WARMI G HIMSELF 151 cerned and sent out parties of rescue. So aa he vanished away, the very last word he sent back to civilization waa this heroic appeal, ^^Don't rescue me prematurely." I know full well how hard this thing is to which I go, don't worry over me. That was indeed the choice of a full espousal of a difficult task. I know full well that you do not have to enter into the great world-struggles. You can turn aside and build you a little fire and warm yourself. You can keep perfectly snug and comfortable. You might even need to fan your flushed cheek to keep from getting overheated at times. o, you don't need to enter into the great world tragedies, and bum with their fierce passion. You can sit aside there with Peter and poke the little embers of a selfish fire as a substitute for the glowing fire of espousal in the great causes at stake. You can if you will, keep yourself on the cool side of every great question that comes before men for decision. There are many, many folks who do so, and you will not be lonesome there, warming yourself. In every great world crisis there are many who are cold to the issue. It is human prerogative. "Men can live and lie reclined On the hUls, like Gods together, careless of mankind, They can lie beside their nectar while the bolts are hurled. Far below them in the valley, while the clouds are lightly curled Round their golden houses, girdled with the gleaming world.

152 DUST A D DESTI Y While tli^y smile in secret, looking over wasted lands, Blight and famine, plague and earthquake, roaring deeps

and fiery sands. Clanging fights and flaming towns, and sinking ships, and playing bands, But they smile." "Peter stood warming himself." I know that. We stand to-day when the crisis is drawn. The clash of conflict still roars in our ears. It will not die away among the troubled hills for many years. The chill of severe suflEering sweeps the world. Strong men are dying, women are weeping, children are starving, civilization is in mad confusion. Can it be possible in such a day there will be anywhere on earth one single chilled brother who will be so wrapped up in himself as to realize that his little carcass is cold? Cold! How did it get cold? There is surely enough of interest these days to keep live folks warm. Warming himself ! What if he didn't get warm? What if he remained cold? Plodding our hard and hardening way through one of the world^s crucial periods, there is only one real question to ask about us, and it has nothing to do with the thermometer. It is about getting our work done. ot that you could not eat, or that you did not enjoy yourself, or that you could not keep warm. These the world will never ask concerning you. I may be comfortably toasting myself before a lovely fire. But the day is passing swiftly by, and life is running fast away, and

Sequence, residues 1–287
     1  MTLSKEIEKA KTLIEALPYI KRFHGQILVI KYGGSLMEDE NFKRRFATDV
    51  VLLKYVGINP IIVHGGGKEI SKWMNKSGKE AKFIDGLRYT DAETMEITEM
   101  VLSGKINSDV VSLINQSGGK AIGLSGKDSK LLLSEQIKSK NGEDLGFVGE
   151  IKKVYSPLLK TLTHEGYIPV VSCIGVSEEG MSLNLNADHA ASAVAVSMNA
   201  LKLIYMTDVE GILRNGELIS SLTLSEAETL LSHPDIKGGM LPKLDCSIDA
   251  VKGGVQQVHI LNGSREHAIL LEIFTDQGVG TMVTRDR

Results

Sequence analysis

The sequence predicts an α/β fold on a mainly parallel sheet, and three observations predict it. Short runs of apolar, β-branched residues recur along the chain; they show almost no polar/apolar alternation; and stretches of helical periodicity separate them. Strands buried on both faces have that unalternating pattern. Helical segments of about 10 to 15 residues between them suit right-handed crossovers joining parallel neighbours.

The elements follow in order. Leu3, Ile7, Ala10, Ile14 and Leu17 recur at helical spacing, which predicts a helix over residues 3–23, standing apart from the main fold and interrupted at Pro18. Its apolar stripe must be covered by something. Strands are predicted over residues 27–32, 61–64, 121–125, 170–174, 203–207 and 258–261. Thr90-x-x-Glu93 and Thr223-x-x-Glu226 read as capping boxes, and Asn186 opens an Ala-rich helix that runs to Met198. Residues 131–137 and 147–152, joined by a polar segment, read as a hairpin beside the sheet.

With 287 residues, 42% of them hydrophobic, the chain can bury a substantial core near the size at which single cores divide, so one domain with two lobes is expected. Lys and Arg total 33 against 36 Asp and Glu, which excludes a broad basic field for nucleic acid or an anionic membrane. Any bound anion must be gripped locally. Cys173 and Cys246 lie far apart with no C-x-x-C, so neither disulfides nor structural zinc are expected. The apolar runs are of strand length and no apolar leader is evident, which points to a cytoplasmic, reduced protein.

WARMI G HIMSELF 153 my fire will soon burn to ashes^ and the night will come. That night once come no one will ever trouble to ask about my temperature. Did anyone notice just how warm Brother Rice was as the night came on and the darkness fell? o! o ! These things don't matter. Peter's fame in the world-story is not based upon this trying thing we have been looking at now when he seemed to suffer a strange break-up

of his best qualities. I am so glad that this was merely a season of disorganization that came over him. He does not live in the history of the world in the selfish glow of this little smudge, hunched up and shivering, oflE to one side, from the real point of interest. He whose name has actual place heroic in the world, is the apostle who, recovering himself from that warming group, went boldly out even unto bitterest persecution for the faith he possessed, and who for the faith he dared preach into the teeth of official persecution had to meet genuine suffering, but flinched not, nor sought again the separated comforts of a warming fire, but went straight to his duty, and met death for it. They say he died by crucifixion which by his own choice was accomplished head downward as evidence of his unworthiness to even die in manner similar to his Lord and Master, Whom then he was so eager to acknowledge, as before in denial he had been so solicitous to warm himself beside. This is the

154 DUST A D DESTI Y qualification upon which this man's diaracter finds its place and keeps its forever increasing power in the human story where men are being enlisted in the causes of honor. I come now calling to you, any of you, who in such a day as this may have been willing to listen to the seductive arguments couched in a comfortable fire before which you might cuddle down and forget the fight In the name of high duty, don't you think it is time now to let that little fire go out, and forget yourself a bit, and plunge wholeheartedly into the world's great struggle? There is so much to do. There is so much wrong to be righted. There is so much misery to be ministered to. There is so much sin to be driven out There is so much hunger to be fed. There is so much nakedness to be clothed. Tou warming yourself? The Church of Christ stands beside your comfortable place now and points out the way. You are needed to help make a better city, and a better country, and a better world, and

no man has much time to spare, or much fuel that can be afforded on so little a task as merely to keep himself warm.